The Adventures of Chartan: Decisions

            (Last week: Brazil struggles with his past demons—Chartan asks him to be his best man.)

            Brazil kept his arm straight out in front of him, his fingers squeezing the door knob that wasn’t there. “Yes,” he responded to Chartan .

            Chartan hugged him.

            After the hug ended the two men entered the small motel room. Chartan sat on the bed while Brazil took the only chair—their knees almost touched.

            “So I’ve gone from breakfast at noon to a marriage proposal at five—that’s the speed of love, I guess,” said Chartan.

            “In combat there’s the quick and the dead,” said Brazil. I don’t know much about love. I’m glad you do.”

            Chartan smiled. “ I’ve lost all those voices that kept my cautious. Not going to slow down at this point. “

            “When is the date?”

            “Nothing set. It will happen. Soon.”


            Chartan walked up the flight of wood steps that led to the second floor of Gina’s apartment, each step sending creaks echoing through the damp evening air.

            If nothing else, this a noisy ascent into the emotional unknown. I want to marry Gina. I want to be a friend to Skyler. I have no idea where I should be tomorrow. And it’s crazy that I have only been to Gina’s place once before. Do I really know her? Does it matter?

            He knocked twice, careful not to be too loud. The door opened slowly.

            “Chartan, no doubt,” said the man with shoulder length, dark hair.

            Chartan knew this must be Gina’s nameless guru.

            “Yes, and you are Gina’s friend, correct?”

            “Friend is a good word for me. I hope to be your friend as well.”

            Chartan sensed the man was comfortable with who he was and what he was saying.

            “Come in,” said the man.

            Chartan entered the small room highlighted by a plush reddish Persian rug with four large white cushions on it.

            “Is Gina here?”

            “In spirit, yes. Physically, she is walking back from the grocery store.”

            Chartan could no longer hold back the question. “What is your name?”

            “Is it important to you?”

            “It’s important to my frame of reference.”

            “I have been nameless for seven years. In a prior life I was Bellish.”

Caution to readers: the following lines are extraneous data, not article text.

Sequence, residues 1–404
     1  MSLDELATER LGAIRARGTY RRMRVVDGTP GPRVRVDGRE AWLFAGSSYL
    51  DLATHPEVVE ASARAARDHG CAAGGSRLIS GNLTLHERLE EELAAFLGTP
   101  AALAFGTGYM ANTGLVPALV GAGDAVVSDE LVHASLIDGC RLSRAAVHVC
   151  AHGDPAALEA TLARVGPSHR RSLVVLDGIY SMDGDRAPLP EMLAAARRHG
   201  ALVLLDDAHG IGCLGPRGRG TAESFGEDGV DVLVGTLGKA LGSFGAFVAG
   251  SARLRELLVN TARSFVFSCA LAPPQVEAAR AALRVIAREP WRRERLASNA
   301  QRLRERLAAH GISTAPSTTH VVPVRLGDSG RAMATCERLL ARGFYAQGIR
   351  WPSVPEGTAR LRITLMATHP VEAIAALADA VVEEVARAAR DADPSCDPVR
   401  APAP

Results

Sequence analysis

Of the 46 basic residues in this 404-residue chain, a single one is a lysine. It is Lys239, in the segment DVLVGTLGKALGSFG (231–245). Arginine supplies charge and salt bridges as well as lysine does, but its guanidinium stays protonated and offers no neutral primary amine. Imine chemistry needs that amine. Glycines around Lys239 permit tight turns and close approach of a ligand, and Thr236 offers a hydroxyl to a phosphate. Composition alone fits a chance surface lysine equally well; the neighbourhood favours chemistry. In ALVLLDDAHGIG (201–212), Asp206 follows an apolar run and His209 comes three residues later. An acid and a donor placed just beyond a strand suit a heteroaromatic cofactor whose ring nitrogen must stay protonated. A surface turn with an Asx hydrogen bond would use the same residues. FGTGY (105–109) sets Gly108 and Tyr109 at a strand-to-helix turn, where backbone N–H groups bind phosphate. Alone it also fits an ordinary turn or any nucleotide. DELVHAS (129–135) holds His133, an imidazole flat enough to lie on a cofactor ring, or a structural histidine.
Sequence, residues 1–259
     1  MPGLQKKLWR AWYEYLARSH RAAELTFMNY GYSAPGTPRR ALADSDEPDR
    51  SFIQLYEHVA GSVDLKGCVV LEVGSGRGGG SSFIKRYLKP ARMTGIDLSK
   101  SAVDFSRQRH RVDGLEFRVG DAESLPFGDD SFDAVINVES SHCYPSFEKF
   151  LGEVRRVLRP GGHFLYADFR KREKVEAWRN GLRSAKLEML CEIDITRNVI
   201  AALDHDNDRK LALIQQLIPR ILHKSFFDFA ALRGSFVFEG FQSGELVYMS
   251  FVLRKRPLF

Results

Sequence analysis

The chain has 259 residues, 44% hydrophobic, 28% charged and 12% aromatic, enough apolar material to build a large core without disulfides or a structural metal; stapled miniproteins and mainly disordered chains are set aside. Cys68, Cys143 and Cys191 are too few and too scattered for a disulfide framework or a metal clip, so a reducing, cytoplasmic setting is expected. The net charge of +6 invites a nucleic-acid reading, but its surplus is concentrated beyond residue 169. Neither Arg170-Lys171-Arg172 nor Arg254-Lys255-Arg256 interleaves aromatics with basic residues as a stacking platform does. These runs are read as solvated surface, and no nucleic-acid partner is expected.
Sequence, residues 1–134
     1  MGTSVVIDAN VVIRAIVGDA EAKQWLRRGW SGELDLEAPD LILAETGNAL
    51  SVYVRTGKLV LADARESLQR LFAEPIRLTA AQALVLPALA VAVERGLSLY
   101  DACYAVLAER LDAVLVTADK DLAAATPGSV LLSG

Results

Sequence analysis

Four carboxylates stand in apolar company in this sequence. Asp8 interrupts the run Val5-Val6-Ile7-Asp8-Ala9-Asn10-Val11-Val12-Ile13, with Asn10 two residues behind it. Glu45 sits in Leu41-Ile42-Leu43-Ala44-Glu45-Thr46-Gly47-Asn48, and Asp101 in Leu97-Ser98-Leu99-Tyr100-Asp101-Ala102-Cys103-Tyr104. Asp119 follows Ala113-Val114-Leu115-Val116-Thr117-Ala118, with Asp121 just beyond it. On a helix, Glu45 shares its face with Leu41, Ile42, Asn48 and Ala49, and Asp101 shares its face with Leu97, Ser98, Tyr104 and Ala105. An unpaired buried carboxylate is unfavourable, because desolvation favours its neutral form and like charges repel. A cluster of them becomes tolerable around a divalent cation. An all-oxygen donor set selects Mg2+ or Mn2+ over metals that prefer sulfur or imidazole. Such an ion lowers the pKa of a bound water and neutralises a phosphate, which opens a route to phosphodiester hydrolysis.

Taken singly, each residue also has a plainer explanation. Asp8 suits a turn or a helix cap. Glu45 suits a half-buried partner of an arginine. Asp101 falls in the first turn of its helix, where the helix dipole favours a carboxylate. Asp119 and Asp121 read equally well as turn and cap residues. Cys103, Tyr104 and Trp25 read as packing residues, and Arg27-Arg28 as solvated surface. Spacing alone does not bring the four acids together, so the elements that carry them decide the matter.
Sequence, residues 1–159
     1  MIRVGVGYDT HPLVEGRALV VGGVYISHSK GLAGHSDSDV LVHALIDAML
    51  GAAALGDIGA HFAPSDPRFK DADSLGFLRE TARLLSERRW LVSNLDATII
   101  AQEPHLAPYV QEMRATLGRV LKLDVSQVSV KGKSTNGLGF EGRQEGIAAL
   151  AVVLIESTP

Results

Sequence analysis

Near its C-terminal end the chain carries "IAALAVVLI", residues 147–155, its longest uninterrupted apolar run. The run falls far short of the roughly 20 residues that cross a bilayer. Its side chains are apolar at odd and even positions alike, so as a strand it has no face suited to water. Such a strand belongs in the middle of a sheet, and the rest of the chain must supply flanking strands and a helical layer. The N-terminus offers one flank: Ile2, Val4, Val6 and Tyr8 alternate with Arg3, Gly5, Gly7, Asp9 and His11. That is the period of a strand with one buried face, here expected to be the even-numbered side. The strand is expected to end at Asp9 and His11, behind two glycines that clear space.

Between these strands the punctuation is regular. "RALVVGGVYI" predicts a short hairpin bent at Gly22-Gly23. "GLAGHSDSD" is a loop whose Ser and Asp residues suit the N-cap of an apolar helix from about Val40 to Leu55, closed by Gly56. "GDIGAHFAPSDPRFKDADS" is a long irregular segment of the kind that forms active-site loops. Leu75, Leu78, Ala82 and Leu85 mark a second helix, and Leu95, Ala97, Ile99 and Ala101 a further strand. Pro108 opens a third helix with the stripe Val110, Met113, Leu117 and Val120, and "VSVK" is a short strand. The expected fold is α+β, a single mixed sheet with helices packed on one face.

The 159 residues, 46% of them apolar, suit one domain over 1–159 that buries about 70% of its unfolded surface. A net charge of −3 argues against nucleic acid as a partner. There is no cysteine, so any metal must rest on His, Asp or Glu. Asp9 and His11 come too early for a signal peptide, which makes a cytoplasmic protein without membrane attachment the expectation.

“How is that spelled?”

            “Chartan, you concern yourself with that which does not matter. Better to understand why I am nameless.”

            “You’re right. I lost my focus and, to be precise, that is why I am here.”

            “To tell Gina that you do not want to marry her at this point in time?”

            “Is that what you think?”

            “It’s what I know,” said the nameless man with a smile.


            Gina stopped at the bottom of the wooden outdoor steps that led to her second floor apartment. On the landing by her front door were Chartan and her mystic—that’s what she called him in her thoughts.  

            “It’s always better to descend than climb,” said the mystic.

            The stairs moaned loudly under the weight of the two men. Gina stepped back to give them room .

            Chartan had never seen the mystic and the Gina together. Would they embrace, or employ some kind of signal to demonstrate their closeness. Instead, when they were on the last step, the mystic stepped to the side away from Gina, putting Chartan closer to her.

            “Hi, how are you?” Chartan sensed his question did not fit the moment, that a platitude would have been more fitting, but his mind was strangely void of directive thoughts. He did, however, give her a long smile without any concern for what she might do. This is a start– be myself.

            Gina returned the smile equally, but then she turned her head away from Chartan who followed her gaze. The mystic was 20 feet away at the edge of the parking lot—he’d become a shadow in the dim light.

            Chartan silently applauded the man’s genius. Without saying a word, he had commanded their attention. Somehow, he was saying to them that he had a higher, purer purpose than whatever they might say to each other, at least that is what Chartan was thinking.

            Maybe there is too much thinking on my part. I need to let it be.

            The next spoken words came from Gina and had she not said them, Chartan believed his life might have turned out differently.

            “I love you, not him—he has sadly become full of mystic bullshit. I’d rather have someone ask how I am than to discover the meaning of life at the edge of a parking lot.”

(Continued next Sunday)

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